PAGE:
Wednesday, January 16, 2013

UIS hosts 2013 Illinois History Symposium "Slavery and Emancipation: Global Perspectives"

The 2013 Illinois History Symposium, “Slavery and Emancipation: Global Perspectives,” will be held on the campus of the University of Illinois Springfield February 28-March 1, with additional programs and activities at the Abraham Lincoln Presidential Library and Museum on March 2.

This year’s symposium, co-sponsored by the Illinois State Historical Society, the History and International Programs Departments at UIS, and UIS’ Colleges of Liberal Arts and Sciences and Public Affairs and Administration, will examine human bondage in both contemporary and historical contexts, from legalized chattel slavery in antebellum America and serfdom in tsarist Russia to human trafficking, forced labor, and sexual exploitation around the globe.

More than fifty scholars from around the nation and the world will participate in this year’s symposium, which coincides with the 150th anniversary of the Emancipation Proclamation, signed by President Abraham Lincoln on January 1, 1863. Although a great deal of the symposium will focus on the history of slavery, abolition, emancipation, and Reconstruction politics during the nineteenth century, scholars will be on hand to discuss the dark stain of human trafficking in the global context, and how it continues to affect men, women, and children.

The symposium will feature a number of renowned scholars including Peter Kolchin, Henry Clay Reed Professor of History at the University of Delaware, an expert on the comparative history of Russian serfdom and American slavery; Michael Burlingame, Naomi B. Lynn Distinguished Chair in Lincoln Studies, UIS; Matthew Holden, Wepner Distinguished Chair of Political Science, UIS; Richard Burchill, Nicholas J. Evans, Mick Wilkinson, and Doug Hamilton of the Wilberforce Institute for the Study of Slavery and Emancipation, University of Hull, England; and recently published authors Darrell Dexter (Bondage in Egypt: Slavery in Southern Illinois), Stacey Robertson (Hearts Beating for Liberty: Women Abolitionists in the Old Northwest), and Guy Fraker (Lincoln’s Ladder to the Presidency).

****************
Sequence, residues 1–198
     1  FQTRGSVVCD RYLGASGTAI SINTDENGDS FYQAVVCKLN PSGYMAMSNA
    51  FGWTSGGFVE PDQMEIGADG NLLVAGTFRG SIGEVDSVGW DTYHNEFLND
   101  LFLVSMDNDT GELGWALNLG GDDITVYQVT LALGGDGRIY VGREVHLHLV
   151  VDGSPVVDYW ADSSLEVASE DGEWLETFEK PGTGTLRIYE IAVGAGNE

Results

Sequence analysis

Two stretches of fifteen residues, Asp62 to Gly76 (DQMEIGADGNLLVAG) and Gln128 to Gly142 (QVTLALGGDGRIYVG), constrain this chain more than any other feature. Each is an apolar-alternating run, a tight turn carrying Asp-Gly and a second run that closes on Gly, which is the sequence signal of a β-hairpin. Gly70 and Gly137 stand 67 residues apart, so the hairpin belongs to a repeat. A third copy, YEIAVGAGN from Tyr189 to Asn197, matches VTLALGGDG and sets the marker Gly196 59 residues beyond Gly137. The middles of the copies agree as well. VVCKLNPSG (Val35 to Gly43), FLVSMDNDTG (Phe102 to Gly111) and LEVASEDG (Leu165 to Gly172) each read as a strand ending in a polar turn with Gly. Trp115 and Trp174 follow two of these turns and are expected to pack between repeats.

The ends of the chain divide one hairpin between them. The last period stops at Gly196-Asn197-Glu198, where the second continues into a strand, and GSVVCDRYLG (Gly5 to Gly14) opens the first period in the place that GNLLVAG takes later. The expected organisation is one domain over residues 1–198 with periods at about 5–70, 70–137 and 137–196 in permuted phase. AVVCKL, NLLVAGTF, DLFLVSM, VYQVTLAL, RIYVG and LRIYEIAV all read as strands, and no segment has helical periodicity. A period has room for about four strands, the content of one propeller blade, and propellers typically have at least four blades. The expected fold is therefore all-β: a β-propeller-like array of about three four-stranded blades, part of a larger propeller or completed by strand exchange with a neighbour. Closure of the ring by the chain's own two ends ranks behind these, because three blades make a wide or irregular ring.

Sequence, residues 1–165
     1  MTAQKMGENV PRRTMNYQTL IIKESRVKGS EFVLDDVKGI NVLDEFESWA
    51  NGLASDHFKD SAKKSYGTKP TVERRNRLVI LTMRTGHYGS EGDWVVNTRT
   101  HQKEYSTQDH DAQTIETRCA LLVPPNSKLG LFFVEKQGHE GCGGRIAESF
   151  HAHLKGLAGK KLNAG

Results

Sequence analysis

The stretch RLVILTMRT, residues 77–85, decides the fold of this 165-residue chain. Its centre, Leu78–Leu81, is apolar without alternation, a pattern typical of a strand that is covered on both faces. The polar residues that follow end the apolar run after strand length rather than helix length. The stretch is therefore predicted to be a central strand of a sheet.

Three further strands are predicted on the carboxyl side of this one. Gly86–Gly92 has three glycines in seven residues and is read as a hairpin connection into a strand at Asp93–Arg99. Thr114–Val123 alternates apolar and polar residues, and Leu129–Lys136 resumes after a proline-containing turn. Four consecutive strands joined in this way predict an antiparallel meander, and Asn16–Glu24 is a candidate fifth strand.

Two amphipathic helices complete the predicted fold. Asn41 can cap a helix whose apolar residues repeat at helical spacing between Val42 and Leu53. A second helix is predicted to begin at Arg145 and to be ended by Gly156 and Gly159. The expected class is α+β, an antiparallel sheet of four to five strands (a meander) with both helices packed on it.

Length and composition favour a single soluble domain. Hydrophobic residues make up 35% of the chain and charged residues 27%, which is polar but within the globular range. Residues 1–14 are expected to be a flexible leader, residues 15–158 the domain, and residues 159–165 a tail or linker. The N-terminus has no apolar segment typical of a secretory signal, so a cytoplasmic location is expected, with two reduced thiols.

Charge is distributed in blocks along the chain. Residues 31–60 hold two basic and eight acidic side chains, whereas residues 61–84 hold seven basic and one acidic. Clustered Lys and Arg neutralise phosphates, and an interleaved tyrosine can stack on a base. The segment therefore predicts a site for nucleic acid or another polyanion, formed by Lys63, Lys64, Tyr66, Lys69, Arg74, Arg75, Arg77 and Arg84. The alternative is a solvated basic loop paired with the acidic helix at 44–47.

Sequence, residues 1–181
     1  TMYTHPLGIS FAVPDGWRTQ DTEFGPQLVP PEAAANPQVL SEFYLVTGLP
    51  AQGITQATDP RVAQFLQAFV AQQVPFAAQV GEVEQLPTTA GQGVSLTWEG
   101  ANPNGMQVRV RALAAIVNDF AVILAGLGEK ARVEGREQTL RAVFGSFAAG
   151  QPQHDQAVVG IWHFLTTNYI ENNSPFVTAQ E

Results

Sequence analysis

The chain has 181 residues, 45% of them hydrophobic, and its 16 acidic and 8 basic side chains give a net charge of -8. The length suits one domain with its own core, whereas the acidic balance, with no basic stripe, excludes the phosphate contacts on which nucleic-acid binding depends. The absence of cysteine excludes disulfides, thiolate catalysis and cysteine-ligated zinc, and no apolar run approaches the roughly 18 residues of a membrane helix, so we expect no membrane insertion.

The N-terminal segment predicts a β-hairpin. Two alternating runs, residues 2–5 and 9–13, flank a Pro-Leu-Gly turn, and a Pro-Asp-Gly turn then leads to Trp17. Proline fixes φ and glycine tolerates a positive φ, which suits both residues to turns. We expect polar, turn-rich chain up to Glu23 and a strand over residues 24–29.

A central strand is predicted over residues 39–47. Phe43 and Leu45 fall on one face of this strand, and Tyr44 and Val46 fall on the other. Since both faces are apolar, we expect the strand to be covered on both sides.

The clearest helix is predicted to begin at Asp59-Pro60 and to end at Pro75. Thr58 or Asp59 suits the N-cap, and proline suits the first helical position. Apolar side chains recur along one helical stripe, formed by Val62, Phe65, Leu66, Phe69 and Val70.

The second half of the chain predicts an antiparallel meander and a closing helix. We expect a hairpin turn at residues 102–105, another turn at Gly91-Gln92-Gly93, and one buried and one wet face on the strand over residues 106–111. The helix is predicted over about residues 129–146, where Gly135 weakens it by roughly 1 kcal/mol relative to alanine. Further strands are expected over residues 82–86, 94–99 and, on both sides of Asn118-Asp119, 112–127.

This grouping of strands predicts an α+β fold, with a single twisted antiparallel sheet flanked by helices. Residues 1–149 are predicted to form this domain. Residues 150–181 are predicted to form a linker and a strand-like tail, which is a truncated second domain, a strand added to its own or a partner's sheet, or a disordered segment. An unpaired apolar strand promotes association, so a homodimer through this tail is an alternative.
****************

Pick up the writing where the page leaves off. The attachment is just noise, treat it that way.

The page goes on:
Registration for the 2013 Illinois History Symposium is open to everyone. Students and teachers are especially invited, and Continuing Professional Development Units (CPDU’s) for teachers seeking advanced certification will be available. UIS students and faculty, with proper identification, will be admitted free to all presentations, but paid reservations in advance are required for any meals, including the SAGE luncheon on February 28, and the Symposium Banquet on March 1 (at the Presidential Museum).

For more information about the symposium, or to download a registration form, visit, or call 217/525-2781.

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